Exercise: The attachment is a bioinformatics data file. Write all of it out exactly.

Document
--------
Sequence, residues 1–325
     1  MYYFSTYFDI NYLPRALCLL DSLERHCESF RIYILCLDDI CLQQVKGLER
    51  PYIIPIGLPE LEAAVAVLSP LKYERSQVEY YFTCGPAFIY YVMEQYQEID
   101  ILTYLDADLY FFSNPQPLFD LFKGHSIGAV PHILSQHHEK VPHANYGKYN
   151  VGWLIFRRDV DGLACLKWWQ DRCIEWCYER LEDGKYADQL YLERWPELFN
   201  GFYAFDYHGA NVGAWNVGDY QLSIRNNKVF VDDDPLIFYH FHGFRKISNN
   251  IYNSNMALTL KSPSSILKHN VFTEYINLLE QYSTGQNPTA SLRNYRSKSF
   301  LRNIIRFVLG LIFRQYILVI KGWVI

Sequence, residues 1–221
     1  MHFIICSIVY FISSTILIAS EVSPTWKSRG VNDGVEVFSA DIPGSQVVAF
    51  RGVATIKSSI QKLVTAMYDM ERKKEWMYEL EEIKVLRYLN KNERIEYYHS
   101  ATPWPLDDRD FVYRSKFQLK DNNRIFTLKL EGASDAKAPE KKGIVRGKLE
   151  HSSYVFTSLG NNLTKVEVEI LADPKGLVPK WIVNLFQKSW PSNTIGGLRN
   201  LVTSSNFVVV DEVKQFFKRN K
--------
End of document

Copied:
Sequence, residues 1–325
     1  MYYFSTYFDI NYLPRALCLL DSLERHCESF RIYILCLDDI CLQQVKGLER
    51  PYIIPIGLPE LEAAVAVLSP LKYERSQVEY YFTCGPAFIY YVMEQYQEID
   101  ILTYLDADLY FFSNPQPLFD LFKGHSIGAV PHILSQHHEK VPHANYGKYN
   151  VGWLIFRRDV DGLACLKWWQ DRCIEWCYER LEDGKYADQL YLERWPELFN
   201  GFYAFDYHGA NVGAWNVGDY QLSIRNNKVF VDDDPLIFYH FHGFRKISNN
   251  IYNSNMALTL KSPSSILKHN VFTEYINLLE QYSTGQNPTA SLRNYRSKSF
   301  LRNIIRFVLG LIFRQYILVI KGWVI

Sequence, residues 1–221
     1  MHFIICSIVY FISSTILIAS EVSPTWKSRG VNDGVEVFSA DIPGSQVVAF
    51  RGVATIKSSI QKLVTAMYDM ERKKEWMYEL EEIKVLRYLN KNERIEYYHS
   101  ATPWPLDDRD FVYRSKFQLK DNNRIFTLKL EGASDAKAPE KKGIVRGKLE
   151  HSSYVFTSLG NNLTKVEVEI LADPKGLVPK WIVNLFQKSW PSNTIGGLRN
   201  LVTSSNFVVV DEVKQFFKRN K